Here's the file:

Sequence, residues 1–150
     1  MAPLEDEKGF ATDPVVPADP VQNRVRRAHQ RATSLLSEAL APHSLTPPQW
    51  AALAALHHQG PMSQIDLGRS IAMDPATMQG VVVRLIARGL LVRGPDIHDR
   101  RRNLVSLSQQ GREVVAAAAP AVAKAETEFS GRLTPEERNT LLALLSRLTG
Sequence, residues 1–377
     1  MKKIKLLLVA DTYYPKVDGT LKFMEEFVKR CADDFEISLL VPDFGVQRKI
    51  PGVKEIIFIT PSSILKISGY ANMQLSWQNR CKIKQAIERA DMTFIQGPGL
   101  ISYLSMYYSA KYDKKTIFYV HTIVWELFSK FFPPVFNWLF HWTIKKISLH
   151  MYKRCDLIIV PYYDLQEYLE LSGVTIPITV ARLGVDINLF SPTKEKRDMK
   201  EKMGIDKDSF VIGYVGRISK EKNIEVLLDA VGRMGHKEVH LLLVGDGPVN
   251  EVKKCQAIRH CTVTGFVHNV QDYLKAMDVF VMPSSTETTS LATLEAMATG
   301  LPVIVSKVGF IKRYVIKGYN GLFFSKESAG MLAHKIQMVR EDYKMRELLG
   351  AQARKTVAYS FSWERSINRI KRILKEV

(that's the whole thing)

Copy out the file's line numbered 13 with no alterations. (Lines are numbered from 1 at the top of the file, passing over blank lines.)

   351  AQARKTVAYS FSWERSINRI KRILKEV